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Breanna Cook

One-on-One Lessons for Improving Main Idea


Final Analysis
1. John is an African American male that is ten years old. He is in the fifth grade
but is small for his age compared to some of the other students. John is the
oldest of five children. Due to a single parent home life, John has to be an
acting parent to his younger siblings most of the time. He is well respected
by his peers and has many friends. He likes basketball and riding his bike,
but dislikes reading when he has to for class. John is a humble, genuine and
hard-working student.
2. I asked John to complete a Rhody Reading Attitude Assessment. His answers
indicated that generally he would rather participate in other activities than
reading. However, he said that he enjoys reading military books. So anytime
he finds a military book he cannot put it down. John seemed apathetic yet
willing to work with me during the QRI assessment.
3. The data from this screening assessment showed that John is a fluent reader.
The data showed 18 miscues, which told me he is at an instructional level
based on miscues. While he currently reads on grade level at a level 60, he
struggles with retell of main idea and details. The data also indicated that
John possess adequate word attack skills when sounding out words he did
not know. John also has a good sense of grade-level vocabulary. Based on
the data, John needs work with main idea because he missed all of the retell
points for the reading. He also needs to improve retell of details because he
missed a vast amount of details from the story. With the comprehension

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questions, John missed one explicit and one implicit question. This data
shows again that John is instructional.
4. I chose to work on main idea and retell with John because with the QRI, I saw
how much of a struggle those skills are for him. Therefore, I wanted to assist
John in becoming a stronger reader. He was unable to recall any of the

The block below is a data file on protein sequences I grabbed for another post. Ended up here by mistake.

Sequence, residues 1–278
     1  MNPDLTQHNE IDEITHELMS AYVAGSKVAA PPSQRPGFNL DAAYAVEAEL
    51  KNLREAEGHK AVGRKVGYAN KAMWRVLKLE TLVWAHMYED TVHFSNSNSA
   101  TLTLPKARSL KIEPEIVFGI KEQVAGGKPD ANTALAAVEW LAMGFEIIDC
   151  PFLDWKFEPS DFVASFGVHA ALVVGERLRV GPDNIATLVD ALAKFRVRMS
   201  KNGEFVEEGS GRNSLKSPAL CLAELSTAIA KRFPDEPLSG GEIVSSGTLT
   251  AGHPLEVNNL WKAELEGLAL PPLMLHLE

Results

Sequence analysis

identified parts of the main idea from the QRI reading. Additionally, he was
only able to recount surface details from the story. The ability to state the
main idea and supporting details is key as John continues in his schooling,
thus, I wanted to help him grow in those aspects of reading.
5. Discussion of the LessonsLesson 1:
a. For the first lesson, the instructional strategy I used was a main
idea T. John seemed apathetic and nervous during this first lesson.
For the assessment, I provided the article titled, Spitting to
Survive and had John complete a main idea T on his own to
determine the main idea and the supporting details. John provided
adequate details, but the main idea was too vague. Therefore, the
assessment told me that he was able to provide details from the
article he read, but still struggles with writing a complete main
idea. He offered surface level indication of the main idea. However,
he needs to go deeper to fully describe the main idea. For example,
the student said that the main idea of the article was spit. I
prompted, by asking the student questions, to try to get a more

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specific main idea sentence. With that, the student said, how spit
is helpful. Instead, the main idea of the article is how humans and
animals need and use their natural behavior to spit to survive.
Since John struggled to pull the main idea from a text, he needs
more practice and scaffolding with main idea. For the next lesson,
the student used a more visual model to show how the main idea
and details of a story go together.
Lesson 2:
a. The instructional strategy used with the second lesson was a main
idea wheel. John still showed apathy during the lesson. For the
assessment, John completed a main idea wheel for the
thunderstorm passage I provided. The assessment showed me that
he was able to provide details and use the details to determine the
main idea. However, John needed extra prompting for main idea.
He would say the main idea, but it would actually only be one of the